However, social withdrawal is still encouraged, and Ardern said that New Zealand’s international borders will remain closed to non-residents to prevent new outbreaks. Those who come to New Zealand will still need to quarantine for two weeks.
“Despite the continued role of your border controls to keep the virus out, the virus will remain in our world for a while,” Ardern said at a press conference Monday. Said.
New Zealand’s locking program
The first coronavirus case was confirmed in New Zealand on February 28 – more than a month after the U.S. confirmed its first infection.
On March 14, the country’s six cases, Ardern announced that everyone who entered the country should have self-isolation for two weeks, which was among the most difficult border restrictions in the world at that time. Foreign nationals were banned from entering the country on 20 March.
Days later, on March 23 – without death and 102 confirmed cases – Ardern announced that the country was entering “third level” lockdown. Unnecessary businesses were closed, events and meetings were canceled, and schools were closed to all children except basic workers.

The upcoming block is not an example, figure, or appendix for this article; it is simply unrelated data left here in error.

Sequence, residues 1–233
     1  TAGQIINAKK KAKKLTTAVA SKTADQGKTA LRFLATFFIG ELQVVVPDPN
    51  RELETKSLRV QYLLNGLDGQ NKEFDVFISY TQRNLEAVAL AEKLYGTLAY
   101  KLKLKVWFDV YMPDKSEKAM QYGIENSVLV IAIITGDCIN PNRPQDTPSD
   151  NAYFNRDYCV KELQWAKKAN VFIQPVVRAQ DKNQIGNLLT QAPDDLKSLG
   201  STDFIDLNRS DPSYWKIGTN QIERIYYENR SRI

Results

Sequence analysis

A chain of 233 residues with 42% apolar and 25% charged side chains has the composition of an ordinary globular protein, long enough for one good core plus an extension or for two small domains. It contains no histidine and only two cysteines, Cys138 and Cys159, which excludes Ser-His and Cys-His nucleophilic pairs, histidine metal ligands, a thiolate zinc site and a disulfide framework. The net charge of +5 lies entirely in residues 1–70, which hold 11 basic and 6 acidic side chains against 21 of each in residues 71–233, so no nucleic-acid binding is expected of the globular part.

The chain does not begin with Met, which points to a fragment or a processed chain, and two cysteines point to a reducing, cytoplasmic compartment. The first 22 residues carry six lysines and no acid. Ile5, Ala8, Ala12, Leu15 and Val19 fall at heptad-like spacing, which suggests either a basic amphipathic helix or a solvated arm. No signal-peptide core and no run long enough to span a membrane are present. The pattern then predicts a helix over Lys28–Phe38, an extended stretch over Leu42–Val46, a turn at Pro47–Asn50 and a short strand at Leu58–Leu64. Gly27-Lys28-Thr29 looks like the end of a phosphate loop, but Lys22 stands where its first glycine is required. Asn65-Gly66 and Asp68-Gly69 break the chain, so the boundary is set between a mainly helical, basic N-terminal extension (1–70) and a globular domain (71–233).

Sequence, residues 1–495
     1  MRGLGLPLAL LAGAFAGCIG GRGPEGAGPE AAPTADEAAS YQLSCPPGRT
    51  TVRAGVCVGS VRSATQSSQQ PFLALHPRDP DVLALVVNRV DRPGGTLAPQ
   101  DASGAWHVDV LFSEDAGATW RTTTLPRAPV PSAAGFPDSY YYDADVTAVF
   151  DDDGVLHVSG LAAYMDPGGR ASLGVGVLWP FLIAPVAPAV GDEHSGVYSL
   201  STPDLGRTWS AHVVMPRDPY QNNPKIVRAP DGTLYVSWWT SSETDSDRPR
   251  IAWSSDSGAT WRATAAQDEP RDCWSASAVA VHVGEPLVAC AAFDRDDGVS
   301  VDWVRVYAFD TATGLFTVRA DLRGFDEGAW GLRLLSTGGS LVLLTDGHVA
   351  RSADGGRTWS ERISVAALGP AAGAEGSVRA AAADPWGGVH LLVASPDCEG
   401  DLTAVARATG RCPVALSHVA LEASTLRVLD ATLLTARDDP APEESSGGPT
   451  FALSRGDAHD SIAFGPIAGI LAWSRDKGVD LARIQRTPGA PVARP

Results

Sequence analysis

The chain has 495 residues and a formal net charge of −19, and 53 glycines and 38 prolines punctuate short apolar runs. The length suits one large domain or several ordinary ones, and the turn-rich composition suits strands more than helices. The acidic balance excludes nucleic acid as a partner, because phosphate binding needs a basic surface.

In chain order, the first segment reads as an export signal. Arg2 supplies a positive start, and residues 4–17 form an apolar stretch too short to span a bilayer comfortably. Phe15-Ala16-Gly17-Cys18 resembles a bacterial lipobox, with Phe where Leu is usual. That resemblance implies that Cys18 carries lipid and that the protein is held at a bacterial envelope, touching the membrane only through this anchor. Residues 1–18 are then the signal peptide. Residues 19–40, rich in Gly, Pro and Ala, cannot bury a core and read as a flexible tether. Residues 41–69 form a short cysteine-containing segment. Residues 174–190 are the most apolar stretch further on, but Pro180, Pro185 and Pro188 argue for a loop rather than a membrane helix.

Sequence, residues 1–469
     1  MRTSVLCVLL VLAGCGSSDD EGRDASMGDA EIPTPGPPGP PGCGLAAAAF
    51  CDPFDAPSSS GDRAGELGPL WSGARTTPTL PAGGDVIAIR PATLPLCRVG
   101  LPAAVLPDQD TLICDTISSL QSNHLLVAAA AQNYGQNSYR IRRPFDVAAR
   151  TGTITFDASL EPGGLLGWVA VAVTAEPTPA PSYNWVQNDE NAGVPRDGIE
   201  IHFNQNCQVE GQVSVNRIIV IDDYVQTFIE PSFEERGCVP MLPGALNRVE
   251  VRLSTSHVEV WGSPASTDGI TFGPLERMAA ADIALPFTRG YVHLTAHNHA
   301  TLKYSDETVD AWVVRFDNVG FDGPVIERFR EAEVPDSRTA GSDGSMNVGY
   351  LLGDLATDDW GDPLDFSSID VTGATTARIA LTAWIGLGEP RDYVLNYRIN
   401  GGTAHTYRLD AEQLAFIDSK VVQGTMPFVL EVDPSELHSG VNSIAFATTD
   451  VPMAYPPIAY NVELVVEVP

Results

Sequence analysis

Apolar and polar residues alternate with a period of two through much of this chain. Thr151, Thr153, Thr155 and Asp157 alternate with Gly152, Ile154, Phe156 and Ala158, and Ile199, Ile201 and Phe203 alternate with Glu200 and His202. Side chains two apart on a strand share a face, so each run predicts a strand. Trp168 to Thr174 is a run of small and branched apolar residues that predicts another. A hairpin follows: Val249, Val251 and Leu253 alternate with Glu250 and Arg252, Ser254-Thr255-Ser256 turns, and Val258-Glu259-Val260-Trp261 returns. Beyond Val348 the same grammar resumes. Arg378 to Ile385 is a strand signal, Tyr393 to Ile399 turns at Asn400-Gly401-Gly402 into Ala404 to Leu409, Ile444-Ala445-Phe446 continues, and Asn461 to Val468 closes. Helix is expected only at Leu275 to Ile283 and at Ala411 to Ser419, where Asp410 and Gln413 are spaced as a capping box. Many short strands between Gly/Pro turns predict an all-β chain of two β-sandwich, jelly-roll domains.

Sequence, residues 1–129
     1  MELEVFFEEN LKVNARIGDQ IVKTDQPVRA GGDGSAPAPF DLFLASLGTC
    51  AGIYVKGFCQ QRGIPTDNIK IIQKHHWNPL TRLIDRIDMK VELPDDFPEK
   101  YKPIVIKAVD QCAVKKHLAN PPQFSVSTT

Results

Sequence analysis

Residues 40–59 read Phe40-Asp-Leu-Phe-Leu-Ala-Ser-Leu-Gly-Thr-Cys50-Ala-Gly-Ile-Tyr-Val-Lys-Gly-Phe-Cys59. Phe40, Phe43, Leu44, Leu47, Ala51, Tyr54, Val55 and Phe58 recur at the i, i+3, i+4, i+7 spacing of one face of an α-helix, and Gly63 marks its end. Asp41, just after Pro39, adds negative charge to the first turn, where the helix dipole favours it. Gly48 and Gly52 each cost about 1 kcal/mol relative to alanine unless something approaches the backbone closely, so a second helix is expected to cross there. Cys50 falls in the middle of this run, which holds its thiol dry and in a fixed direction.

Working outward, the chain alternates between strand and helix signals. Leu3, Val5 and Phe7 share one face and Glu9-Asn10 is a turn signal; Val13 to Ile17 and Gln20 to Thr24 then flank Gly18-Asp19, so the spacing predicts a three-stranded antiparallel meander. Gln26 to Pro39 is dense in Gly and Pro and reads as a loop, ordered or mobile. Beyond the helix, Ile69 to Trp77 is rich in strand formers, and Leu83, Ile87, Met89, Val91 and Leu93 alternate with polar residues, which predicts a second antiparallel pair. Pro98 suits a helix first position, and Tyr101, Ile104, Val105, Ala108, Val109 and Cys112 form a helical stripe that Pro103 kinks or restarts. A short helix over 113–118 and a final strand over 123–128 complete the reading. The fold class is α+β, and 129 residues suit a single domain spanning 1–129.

Employers were told to give as much work permit as possible, public transport was reserved for basic workers, and discretionary indoor air travel was banned between regions.
At midnight on March 25, New Zealand passed to the strictest level 4 crash, and people said they should not leave the house, except for basic exercise, while maintaining social distance.
On April 9, despite the drop in cases, Ardern tightened the border restrictions so that all citizens and permanent residents arriving in New Zealand had to be quarantined for two weeks at an approved facility, not at home.
Bubble stalls travel?
Both countries have mostly controlled local coronavirus outbreaks and have large tourism industries that are severely affected by common travel restrictions.
However, Ardern warned on Monday that such a corridor could still be months away.
“I don’t want New Zealand companies and even Kiwis who wants to travel across the moat to make a wrong start. I prefer to share the timelines when we’re much more precise.” Said.
“(Australia) is making progress by the state, but not universal.”